UV-source for germ-free water

An improved UV lamp could hold the key to improving the efficiency of sewage treatment processes.

In many sewage treatment plants, it is customary to sterilize microbes with ultraviolet rays. However, the cost of the process depends largely on the efficiency and service life of the lamps used. Now, an improved UV lamp could hold the key to increased efficiency.

Operators of municipal sewage treatment plants are increasingly tending to use UV radiation as a final stage to disinfect their effluent water. This is particularly done if there are bathing lakes or rivers downstream. The sterilization process has also proved to be an elegant solution in processing drinking water and water for swimming pools, as no chemicals are needed.

Ultraviolet radiation with a wavelength of around 254 nanometers causes such severe genetic damage to bacteria, fungi and viruses that if the dose is high enough, almost all germs lose their ability to proliferate. But the mercury-vapour lamps generally used for this purpose have a drawback: their performance gradually deteriorates and they only last for less than one year when in constant operation. With an efficiency ranging from 5 to 35%,  most of the electrical energy charged does no more than heating up the water.

A better lamp is being developed in an EU project known as “Plas Light”. It is likely to have a long service life, especially as it does not require any electrodes that can be worn down. Companies and research institutes from four EU countries are partners in the project – including scientists from the Fraunhofer Institute for Chemical Technology ICT and the Fraunhofer Technology Development Group TEG.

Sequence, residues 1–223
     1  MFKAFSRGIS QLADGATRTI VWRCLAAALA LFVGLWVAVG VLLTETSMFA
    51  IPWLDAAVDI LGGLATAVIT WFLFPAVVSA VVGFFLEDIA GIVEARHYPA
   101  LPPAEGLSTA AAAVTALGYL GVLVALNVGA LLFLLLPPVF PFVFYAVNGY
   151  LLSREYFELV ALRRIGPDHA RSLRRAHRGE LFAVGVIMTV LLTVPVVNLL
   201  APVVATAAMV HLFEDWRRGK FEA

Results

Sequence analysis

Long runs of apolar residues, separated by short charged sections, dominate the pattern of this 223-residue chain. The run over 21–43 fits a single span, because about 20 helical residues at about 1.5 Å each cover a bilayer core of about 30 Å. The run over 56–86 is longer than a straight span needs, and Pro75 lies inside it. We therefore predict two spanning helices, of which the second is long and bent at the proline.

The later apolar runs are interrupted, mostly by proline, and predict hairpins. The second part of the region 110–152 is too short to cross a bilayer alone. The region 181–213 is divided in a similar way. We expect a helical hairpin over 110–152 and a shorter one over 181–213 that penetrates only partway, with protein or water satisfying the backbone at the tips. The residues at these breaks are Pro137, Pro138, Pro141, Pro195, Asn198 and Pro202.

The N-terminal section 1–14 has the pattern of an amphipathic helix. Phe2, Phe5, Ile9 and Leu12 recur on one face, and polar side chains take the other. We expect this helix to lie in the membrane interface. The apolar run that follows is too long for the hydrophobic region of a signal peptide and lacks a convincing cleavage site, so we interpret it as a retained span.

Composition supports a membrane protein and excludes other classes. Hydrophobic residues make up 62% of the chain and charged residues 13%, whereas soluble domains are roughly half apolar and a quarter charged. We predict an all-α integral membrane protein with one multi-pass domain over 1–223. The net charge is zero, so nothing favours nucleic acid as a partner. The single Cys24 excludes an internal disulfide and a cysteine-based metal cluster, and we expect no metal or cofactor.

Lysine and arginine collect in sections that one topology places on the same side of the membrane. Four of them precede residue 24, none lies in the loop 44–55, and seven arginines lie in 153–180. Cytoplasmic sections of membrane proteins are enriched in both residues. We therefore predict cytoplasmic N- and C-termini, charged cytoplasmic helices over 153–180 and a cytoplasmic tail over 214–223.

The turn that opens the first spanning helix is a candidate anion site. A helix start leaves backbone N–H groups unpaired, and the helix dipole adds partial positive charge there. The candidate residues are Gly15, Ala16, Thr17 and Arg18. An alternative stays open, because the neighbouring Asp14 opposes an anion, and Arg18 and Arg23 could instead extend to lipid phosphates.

The new UV source operates in a completely different way from conventional lamps: Magnetrons generate microwave radiation which is guided into a closed chamber containing a gas mixture. The microwave energy turns the gas into a plasma phase that emits UV. In a prototype that’s been developed, the radiation passes through two quartz glass plates measuring 40 x 40 centimetres into the water that is flowing across.

“The composition of the gas is a very important factor,” reveals TEG project manager Anja Flügge, “because it allows us to adjust the wavelength of the emitted radiation within certain limits – in contrast to conventional lamps. In this way, we can adapt the UV source to different types of microbes.”

The UV-source is incorporated in a mobile test rig, consisting mainly of an open-topped channel as a model of a flume or sluice. This enables the scientists to treat and analyse the water on site at a customer’s facility under realistic conditions.

The German researchers presented their system at IFAT in Munich in April.